Community-based Exercise Enhanced by a Self-management Programme to Promote Independent Living in Older Adults

A Pragmatic Randomised Controlled Trial

Pia Øllgaard Olsen; Mark A Tully; Borja Del Pozo Cruz; Manfred Wegner; Paolo Caserott

Disclosures

Age Ageing. 2022;51(7):afac137 

In This Article

Background

The evidence of the benefits of physical activity (PA) for health, well-being, function and prevention of disability for older adults is overwhelming.[1–3] Therefore, increasing the PA-level of the older population has become a key primary prevention target.[4,5] Regardless, older adults still constitute the most inactive population group in Europe.[6] Behaviour-change strategies used in combination with exercise may successfully contribute to increasing PA.[7–9] Especially, self-regulation strategies including personal goal-setting and self-monitoring, capability-enhancing strategies such as visits to resources where exercise can take place after exercise intervention,[8] and strategies to increase self-efficacy and positive expectancies to the outcome of PA,[10,11] have been previously linked to increasing PA in older adults.

However, maintenance of PA-level and the desired health benefits after removing the intervention period remains a challenge,[7] and it has been suggested that combined exercise and behaviour-change interventions should take whole-system approaches.[7] This implies that when designing an intervention this should be person-centred (i.e. tailored to participant's goals, preferences and needs), and be linked to the available resources in the community and health care sector. Also, interventions should incorporate earlier identified promoters of long-term engagement with PA-programmes including nearby facilities, low fees, enjoyment of exercise and use formats that spur social support and commitment.[12–14] Finally, long-term effects may increase by adding behaviour-change strategies aiming to simultaneously tackle multiple risk-factors for functional decline and disability[15,16] and well-known barriers for PA such as inadequate health literacy,[17] incontinence,[18] loneliness,[19] chronic pain,[20] fear of falling,[21] lack of company and interest or motivation for exercising.[13,22]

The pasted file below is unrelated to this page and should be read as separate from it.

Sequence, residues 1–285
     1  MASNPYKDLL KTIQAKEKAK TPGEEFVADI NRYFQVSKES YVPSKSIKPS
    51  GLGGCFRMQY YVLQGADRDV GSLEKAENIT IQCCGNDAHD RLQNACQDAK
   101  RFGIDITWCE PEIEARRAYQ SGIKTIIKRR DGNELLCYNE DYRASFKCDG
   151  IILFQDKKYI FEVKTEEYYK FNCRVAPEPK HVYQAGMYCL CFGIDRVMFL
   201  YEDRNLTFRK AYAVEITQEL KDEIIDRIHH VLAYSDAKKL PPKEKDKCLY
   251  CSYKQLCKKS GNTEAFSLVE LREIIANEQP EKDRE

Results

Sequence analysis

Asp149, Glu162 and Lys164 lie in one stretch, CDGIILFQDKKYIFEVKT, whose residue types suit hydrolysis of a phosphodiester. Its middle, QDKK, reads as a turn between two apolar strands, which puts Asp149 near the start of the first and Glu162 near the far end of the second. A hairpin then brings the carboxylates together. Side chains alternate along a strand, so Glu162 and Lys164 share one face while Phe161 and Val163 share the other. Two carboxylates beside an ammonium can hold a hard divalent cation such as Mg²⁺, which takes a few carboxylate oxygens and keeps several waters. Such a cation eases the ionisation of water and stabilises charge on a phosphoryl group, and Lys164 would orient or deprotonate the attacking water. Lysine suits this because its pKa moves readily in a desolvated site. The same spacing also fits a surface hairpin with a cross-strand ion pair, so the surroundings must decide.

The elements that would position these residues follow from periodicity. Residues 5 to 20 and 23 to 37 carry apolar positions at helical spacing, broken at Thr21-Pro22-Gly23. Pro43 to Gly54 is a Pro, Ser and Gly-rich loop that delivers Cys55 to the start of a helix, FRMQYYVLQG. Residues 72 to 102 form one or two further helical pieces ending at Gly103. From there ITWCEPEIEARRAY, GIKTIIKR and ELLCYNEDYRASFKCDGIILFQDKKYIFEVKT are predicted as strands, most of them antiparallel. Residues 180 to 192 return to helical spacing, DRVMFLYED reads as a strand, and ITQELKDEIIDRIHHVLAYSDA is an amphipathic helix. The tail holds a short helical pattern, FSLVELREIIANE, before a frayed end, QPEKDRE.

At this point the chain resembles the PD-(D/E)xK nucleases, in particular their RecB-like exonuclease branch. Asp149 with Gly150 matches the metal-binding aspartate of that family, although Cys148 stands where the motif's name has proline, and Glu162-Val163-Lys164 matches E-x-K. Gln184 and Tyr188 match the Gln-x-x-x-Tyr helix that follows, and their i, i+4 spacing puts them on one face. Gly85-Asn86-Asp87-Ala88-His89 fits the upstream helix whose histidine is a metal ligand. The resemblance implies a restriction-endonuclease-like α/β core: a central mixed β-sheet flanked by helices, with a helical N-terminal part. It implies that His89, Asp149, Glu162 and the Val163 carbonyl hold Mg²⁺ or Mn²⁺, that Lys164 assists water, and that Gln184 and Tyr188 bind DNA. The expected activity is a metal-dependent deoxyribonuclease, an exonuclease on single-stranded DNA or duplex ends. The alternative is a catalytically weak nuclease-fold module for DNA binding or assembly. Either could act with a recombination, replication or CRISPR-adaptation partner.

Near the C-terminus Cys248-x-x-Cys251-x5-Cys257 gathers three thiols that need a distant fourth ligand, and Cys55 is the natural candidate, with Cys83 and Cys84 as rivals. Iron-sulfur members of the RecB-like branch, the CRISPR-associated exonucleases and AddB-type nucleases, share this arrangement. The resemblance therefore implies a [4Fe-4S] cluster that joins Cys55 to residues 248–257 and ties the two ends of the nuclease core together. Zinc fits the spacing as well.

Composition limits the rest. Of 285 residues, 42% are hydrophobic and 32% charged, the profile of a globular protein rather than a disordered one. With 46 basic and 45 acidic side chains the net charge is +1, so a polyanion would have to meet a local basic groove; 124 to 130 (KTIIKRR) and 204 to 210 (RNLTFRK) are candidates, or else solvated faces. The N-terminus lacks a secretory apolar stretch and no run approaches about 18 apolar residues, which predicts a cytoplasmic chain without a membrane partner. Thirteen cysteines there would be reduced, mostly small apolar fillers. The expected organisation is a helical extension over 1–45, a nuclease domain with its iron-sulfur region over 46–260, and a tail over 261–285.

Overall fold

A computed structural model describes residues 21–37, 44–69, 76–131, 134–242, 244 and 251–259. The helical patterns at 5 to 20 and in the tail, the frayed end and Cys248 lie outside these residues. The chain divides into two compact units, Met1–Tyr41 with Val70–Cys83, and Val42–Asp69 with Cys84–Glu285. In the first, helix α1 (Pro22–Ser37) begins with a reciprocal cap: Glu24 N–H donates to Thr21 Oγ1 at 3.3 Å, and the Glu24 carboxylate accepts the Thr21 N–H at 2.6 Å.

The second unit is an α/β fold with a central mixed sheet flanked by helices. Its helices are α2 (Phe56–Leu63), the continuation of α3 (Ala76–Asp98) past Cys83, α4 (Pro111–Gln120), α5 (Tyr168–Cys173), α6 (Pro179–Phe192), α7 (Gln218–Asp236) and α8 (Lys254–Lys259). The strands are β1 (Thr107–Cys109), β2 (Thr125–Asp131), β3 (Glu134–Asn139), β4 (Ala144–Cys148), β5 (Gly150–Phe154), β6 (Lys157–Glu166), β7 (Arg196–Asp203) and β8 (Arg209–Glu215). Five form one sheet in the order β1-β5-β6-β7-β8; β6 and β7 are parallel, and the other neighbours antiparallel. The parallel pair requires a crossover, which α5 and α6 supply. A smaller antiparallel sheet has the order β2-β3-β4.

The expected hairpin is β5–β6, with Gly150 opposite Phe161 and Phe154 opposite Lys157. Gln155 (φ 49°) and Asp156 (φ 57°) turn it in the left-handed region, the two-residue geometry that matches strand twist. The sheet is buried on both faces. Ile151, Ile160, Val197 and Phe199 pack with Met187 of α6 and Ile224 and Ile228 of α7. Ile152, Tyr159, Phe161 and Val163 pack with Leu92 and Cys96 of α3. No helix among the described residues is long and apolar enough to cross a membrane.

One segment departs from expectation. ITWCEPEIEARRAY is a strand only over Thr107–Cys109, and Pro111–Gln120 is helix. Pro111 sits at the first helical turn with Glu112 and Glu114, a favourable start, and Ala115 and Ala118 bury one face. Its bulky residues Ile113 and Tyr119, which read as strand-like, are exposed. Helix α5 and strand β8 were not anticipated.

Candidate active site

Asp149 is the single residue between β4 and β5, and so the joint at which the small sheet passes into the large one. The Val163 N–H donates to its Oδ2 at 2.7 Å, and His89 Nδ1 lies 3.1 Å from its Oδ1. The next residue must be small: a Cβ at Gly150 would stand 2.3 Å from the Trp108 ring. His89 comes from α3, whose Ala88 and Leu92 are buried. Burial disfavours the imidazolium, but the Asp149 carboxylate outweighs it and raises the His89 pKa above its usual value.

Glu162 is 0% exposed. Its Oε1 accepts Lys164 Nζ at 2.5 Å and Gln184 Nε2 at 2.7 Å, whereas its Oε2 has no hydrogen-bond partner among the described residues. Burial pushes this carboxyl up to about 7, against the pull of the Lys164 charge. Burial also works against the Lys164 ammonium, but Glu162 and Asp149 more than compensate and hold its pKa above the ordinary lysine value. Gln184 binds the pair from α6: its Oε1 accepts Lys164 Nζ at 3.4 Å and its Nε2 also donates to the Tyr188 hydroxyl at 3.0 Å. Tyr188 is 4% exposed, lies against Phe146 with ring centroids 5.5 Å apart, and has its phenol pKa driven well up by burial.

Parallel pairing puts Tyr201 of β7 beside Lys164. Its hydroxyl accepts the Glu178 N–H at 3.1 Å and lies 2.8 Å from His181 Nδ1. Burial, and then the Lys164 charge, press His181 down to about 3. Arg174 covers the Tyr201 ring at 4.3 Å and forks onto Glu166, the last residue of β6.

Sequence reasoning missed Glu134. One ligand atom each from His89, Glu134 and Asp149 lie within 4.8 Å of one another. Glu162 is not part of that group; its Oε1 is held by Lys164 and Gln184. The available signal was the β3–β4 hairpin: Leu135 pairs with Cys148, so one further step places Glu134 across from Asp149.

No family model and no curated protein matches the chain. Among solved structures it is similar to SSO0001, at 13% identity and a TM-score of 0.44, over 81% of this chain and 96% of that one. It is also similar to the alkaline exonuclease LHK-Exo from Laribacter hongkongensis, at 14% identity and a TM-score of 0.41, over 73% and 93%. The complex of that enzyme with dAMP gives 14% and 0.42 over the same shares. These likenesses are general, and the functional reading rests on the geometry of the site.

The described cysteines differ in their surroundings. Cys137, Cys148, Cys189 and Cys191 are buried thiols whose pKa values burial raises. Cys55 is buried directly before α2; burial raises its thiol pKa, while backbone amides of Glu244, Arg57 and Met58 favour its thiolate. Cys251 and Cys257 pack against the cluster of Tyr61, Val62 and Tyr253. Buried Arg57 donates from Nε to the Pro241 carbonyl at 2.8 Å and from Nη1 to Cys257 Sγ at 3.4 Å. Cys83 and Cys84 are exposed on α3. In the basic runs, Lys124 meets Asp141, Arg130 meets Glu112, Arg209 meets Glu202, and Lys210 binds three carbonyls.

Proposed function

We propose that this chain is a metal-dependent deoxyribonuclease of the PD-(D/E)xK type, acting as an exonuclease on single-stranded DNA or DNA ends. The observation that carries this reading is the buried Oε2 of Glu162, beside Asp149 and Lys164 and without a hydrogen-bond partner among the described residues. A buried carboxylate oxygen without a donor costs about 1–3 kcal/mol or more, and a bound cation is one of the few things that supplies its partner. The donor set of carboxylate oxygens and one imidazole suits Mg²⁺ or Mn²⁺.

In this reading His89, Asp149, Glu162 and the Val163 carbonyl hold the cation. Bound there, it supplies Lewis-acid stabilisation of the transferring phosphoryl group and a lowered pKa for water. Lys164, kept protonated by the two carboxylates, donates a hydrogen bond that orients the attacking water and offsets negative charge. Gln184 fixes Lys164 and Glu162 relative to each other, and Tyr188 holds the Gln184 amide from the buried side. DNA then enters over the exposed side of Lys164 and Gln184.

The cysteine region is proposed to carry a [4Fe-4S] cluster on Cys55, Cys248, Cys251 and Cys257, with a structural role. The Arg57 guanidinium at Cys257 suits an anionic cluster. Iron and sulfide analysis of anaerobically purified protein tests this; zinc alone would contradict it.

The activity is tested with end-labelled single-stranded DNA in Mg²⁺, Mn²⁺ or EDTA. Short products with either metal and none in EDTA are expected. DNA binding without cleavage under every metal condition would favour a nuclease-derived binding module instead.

This article presents an innovative whole-system oriented intervention combining 12 weeks group-based progressive exercise in parallel with a 24-week multi-factorial self-management programme to tackle several potential barriers for PA.

The aim of this study is to assess the effects of this intervention in a nationally regulated preventive care framework for community-dwelling older adults on objective and self-report measures of functional capacity, and self-report disability.

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